In addition to the solar space heating system, each home includes an independent two-panel, solar thermal, hot water system to meet 60 percent of the domestic hot water needs. Each home is certified to R-2000 standards (the first R-2000 subdivision in Alberta) and registered with the Built Green™ program at the Gold Level, its highest standard. Some of the numerous energy efficient and “green” innovations include superior insulation and air tightness, low-flow plumbing fixtures, advanced appliances and low-impact landscaping.
Drake Landing Solar Community has been honoured with several awards, including the Emerald Award for Climate Change from the Alberta Emerald Foundation, and the Gold Award from the International Awards for Liveable Communities program, endorsed by the United Nations Environment Program. Not only has the Drake Landing Solar Community project received numerous awards for its outstanding and innovative clean energy accomplishments but one of its project partners, Sterling Homes, was presented with the coveted Sales and Marketing Industry Achievement Award for Best New Idea of 2005 by Alberta Home Builders Association.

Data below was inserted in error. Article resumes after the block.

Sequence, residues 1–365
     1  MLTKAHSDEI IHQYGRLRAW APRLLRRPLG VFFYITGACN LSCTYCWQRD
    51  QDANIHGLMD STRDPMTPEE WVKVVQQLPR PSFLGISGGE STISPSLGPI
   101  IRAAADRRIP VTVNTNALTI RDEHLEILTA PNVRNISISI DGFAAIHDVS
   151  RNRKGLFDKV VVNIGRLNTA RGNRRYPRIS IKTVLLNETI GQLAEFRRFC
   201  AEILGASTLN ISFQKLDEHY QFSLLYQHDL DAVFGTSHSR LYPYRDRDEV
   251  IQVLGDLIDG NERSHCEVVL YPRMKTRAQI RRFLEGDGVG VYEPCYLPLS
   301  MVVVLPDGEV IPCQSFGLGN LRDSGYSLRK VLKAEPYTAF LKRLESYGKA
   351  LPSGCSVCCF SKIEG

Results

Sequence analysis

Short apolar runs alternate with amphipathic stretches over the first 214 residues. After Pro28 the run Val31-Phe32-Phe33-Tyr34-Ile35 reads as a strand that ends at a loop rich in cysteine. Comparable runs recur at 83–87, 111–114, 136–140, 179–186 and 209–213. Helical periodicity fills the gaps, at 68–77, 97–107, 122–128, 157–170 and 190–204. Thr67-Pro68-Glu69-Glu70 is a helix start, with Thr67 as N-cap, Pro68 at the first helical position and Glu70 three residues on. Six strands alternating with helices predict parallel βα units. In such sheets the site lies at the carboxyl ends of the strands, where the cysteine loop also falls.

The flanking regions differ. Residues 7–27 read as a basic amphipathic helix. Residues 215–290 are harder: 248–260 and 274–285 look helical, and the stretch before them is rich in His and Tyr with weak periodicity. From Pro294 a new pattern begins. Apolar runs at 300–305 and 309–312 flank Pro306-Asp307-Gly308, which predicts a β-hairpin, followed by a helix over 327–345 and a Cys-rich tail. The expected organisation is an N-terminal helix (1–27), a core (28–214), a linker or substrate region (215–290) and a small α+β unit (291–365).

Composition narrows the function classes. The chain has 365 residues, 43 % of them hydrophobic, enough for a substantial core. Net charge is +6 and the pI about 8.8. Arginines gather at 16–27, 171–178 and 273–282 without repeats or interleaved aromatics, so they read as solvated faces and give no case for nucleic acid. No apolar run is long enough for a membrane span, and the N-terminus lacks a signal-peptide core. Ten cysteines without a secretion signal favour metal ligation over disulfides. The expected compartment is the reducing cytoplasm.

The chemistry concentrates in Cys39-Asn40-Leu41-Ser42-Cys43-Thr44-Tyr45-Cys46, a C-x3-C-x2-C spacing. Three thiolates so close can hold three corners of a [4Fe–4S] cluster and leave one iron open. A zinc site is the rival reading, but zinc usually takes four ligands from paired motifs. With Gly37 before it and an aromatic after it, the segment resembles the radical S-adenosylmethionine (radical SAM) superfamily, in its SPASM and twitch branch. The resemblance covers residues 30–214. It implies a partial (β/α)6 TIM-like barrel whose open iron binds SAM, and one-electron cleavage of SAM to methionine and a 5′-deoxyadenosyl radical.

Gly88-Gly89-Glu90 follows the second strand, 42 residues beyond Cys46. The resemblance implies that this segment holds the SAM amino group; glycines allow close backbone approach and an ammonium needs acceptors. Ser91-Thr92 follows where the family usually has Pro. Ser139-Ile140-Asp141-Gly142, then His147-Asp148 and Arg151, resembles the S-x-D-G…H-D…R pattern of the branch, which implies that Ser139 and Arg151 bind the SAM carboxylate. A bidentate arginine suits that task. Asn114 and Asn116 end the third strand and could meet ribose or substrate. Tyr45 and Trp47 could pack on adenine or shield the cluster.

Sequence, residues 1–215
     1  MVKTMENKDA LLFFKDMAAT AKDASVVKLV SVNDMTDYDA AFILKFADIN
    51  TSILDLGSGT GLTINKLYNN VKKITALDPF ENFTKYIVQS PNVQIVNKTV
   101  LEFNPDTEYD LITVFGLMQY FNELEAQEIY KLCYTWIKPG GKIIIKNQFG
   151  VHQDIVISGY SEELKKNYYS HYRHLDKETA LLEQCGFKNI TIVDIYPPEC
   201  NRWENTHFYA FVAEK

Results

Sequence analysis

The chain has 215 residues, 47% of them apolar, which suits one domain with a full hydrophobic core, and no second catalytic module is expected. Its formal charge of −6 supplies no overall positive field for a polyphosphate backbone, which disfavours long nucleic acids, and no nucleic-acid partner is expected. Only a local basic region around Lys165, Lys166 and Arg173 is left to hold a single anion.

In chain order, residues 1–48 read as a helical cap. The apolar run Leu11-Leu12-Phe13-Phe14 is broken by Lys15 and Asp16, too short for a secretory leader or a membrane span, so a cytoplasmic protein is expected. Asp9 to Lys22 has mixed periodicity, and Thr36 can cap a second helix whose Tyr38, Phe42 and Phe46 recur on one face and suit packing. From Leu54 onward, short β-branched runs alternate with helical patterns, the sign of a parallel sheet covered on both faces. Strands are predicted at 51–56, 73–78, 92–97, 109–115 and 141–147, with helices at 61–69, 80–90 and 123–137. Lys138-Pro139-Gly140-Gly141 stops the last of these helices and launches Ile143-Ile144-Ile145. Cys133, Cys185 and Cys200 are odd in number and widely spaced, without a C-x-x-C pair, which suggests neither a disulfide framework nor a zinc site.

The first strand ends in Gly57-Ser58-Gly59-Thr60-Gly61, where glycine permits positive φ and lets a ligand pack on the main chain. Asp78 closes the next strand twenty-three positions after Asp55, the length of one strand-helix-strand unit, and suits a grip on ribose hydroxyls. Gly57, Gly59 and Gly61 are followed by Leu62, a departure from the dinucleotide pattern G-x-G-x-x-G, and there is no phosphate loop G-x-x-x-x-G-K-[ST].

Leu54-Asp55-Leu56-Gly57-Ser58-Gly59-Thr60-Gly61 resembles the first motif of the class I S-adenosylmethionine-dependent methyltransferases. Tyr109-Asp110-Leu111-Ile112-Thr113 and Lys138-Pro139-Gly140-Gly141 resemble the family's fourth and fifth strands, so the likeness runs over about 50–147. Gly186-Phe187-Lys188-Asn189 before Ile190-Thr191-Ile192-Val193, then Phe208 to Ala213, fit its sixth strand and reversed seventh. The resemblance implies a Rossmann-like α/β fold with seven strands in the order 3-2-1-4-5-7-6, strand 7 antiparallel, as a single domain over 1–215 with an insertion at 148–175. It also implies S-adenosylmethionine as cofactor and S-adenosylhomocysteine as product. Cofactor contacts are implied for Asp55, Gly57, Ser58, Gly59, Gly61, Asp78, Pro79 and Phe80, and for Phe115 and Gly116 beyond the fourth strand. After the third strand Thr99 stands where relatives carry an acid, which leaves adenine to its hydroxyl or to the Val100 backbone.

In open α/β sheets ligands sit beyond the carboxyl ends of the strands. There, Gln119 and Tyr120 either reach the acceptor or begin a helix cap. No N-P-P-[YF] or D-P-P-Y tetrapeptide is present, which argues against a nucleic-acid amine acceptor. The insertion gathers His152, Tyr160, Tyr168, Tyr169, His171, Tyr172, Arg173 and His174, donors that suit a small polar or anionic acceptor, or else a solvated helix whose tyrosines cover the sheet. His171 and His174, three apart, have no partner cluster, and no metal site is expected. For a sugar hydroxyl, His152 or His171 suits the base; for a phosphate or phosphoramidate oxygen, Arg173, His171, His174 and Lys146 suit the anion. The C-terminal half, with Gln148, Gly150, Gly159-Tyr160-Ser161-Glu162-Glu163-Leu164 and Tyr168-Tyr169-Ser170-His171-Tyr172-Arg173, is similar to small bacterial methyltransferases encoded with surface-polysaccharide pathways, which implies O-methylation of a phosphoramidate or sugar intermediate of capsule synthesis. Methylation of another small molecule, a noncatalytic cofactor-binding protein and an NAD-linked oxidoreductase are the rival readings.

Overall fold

This first of a kind renewable energy project was made possible through Natural Resources Canada and the many partnerships that the department has made with well-known, innovative and environmentally conscious companies.